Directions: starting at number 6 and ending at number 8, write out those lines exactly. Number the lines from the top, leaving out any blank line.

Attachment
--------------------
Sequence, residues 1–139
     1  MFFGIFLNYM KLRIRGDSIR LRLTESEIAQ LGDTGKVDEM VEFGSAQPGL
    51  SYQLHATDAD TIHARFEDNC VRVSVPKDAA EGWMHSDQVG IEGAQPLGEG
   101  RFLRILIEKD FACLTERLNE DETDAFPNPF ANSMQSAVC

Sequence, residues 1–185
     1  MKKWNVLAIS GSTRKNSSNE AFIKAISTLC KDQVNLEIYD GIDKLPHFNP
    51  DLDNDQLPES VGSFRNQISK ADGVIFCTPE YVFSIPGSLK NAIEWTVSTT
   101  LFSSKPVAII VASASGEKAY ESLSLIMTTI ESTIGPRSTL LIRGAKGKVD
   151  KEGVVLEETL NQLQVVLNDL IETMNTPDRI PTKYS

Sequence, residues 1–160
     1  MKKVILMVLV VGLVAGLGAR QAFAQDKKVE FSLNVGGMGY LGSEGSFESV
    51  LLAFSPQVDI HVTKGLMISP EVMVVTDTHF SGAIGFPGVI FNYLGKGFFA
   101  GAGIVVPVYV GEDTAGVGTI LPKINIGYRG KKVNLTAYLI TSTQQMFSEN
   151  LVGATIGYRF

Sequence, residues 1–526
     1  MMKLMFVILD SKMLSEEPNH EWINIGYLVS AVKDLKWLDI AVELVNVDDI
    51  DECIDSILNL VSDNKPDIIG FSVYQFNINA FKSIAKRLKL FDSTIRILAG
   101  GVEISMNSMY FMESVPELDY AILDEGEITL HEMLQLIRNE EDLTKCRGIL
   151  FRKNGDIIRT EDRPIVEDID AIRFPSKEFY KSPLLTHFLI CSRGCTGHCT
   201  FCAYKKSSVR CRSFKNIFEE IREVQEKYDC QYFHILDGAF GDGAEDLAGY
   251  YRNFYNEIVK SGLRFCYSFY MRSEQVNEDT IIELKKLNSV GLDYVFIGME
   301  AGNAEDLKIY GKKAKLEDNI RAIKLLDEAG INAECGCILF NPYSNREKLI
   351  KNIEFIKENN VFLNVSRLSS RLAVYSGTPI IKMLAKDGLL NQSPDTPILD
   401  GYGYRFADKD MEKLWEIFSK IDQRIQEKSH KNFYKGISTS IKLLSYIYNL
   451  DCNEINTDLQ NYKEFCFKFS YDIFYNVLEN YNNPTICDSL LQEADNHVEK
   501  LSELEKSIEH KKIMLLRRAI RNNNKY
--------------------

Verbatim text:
     1  MKKWNVLAIS GSTRKNSSNE AFIKAISTLC KDQVNLEIYD GIDKLPHFNP
    51  DLDNDQLPES VGSFRNQISK ADGVIFCTPE YVFSIPGSLK NAIEWTVSTT
   101  LFSSKPVAII VASASGEKAY ESLSLIMTTI ESTIGPRSTL LIRGAKGKVD